Readercon and the Art Of Reading
Year after year, Readercon one of the most rigorous and fascinating conferences I attend. Its program book has itself become a significant work of bibliographic scholarship, one that earns no one promotion or tenure but for which readers and scholars will long be grateful. They do all this on a registration fee of $60.
As I often do, I returned with loads of books. Those now on my stack include:
- This Shared Dream (Kathleen Ann Goonan)
- The Night Circus (Erin Morgenstern)
- Mechanique (Genevieve Valentine)
- The Gates (John Connolly)
- Redshirts (John Scalzi)
- Leviathan Wakes (James S. A. Corey)
- Bitterblue (Kristin Cashore)
- The Brides of Rollrock Island (Margot Lanagan)
- Rewired (James Patrick Kelly and John Kessel, eds.)
- Booklife (Jeff VanderMeer)
This amounts to nearly three months of reading at my customary rate, just to cover the best genre novels of the last year. Should I change the rate? Does genre fiction from 2011 merit a quarter of my reading for the year? (Quirkily, Readercon regards “literary fiction” as a genre but is not very interested in mysteries.)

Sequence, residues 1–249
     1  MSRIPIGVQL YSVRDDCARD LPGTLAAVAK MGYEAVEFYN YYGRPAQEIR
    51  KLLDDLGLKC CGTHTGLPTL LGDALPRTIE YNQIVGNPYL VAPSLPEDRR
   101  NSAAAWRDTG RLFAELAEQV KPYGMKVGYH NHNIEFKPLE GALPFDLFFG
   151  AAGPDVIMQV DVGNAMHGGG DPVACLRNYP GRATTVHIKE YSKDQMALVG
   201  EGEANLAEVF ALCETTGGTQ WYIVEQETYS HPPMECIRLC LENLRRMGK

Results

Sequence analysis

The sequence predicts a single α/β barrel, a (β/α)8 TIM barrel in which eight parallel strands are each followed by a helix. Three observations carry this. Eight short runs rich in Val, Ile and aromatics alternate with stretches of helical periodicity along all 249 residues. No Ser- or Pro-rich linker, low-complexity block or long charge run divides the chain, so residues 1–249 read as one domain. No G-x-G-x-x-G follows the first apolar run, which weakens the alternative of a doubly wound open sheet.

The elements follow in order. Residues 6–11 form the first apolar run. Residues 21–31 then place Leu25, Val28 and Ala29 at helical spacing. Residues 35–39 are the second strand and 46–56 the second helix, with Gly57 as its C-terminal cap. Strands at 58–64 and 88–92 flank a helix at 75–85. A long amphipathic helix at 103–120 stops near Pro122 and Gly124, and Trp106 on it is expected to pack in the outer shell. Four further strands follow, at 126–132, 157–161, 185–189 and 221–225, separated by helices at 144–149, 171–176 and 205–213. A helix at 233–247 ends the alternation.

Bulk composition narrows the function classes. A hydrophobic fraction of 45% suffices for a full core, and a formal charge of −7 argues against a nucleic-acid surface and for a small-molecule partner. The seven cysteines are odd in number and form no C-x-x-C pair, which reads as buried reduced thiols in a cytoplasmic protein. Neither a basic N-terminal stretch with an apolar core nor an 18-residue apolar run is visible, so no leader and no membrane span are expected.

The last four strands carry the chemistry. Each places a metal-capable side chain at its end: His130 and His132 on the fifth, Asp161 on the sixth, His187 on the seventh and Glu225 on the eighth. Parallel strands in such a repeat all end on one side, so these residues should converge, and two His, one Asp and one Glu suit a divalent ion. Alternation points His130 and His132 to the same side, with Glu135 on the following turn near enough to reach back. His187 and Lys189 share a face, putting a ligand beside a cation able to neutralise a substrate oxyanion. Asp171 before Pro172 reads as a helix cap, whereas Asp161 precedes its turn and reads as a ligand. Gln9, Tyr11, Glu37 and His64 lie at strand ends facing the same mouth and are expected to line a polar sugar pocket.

Several of these books are parts of longer series. And reading any new writer is dangerous. During “The Year In Novels,” Don D'Ammassa — who reads about two novels a day — described the terrible pickle in which he found himself: he was visiting friends in upstate New York, he had run out of things to read, and the bookstore was closed on Sunday! Things were desperate. He fell back on the book section of Stop and Shop. He settled on a John Connolly thriller. He did not hope for much. But it was really good! So, of course, that’s another ten books to be read.